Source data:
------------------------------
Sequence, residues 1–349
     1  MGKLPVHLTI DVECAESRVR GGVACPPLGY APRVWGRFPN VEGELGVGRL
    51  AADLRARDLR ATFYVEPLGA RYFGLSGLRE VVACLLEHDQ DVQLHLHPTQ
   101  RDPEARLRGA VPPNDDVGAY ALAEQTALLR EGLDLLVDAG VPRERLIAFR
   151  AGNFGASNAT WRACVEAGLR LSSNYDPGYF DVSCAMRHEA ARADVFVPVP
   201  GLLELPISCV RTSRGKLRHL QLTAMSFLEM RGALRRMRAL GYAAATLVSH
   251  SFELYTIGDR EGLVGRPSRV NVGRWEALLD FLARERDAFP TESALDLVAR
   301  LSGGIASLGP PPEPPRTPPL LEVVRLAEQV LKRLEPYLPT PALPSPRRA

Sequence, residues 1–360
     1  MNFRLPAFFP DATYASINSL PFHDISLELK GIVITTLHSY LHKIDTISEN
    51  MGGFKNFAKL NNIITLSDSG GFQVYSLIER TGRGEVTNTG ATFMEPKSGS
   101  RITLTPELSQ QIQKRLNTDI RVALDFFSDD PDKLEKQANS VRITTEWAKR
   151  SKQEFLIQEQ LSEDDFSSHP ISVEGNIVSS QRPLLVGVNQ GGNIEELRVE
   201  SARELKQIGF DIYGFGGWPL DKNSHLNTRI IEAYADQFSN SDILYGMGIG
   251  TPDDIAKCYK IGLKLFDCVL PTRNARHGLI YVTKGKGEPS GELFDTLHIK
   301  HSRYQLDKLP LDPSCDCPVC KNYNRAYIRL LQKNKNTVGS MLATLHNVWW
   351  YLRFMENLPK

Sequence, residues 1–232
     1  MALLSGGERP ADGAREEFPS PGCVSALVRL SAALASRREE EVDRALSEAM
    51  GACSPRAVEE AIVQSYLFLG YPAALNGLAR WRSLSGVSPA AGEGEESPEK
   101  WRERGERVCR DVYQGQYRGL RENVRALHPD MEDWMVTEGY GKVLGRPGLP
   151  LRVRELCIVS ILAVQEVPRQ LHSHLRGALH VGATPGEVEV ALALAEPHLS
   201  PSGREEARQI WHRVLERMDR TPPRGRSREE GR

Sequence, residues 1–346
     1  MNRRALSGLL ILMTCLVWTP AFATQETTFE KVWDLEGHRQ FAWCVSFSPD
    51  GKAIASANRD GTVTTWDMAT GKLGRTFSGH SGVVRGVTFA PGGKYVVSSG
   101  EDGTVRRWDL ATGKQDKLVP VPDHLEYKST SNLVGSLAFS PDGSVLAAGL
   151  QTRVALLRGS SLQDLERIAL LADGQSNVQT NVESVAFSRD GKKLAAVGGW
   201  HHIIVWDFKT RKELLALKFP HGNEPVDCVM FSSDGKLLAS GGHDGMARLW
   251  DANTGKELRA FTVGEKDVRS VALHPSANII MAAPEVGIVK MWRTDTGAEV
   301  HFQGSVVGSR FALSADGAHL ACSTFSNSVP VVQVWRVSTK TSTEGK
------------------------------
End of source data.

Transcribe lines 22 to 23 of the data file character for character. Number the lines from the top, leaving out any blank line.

   151  LRVRELCIVS ILAVQEVPRQ LHSHLRGALH VGATPGEVEV ALALAEPHLS
   201  PSGREEARQI WHRVLERMDR TPPRGRSREE GR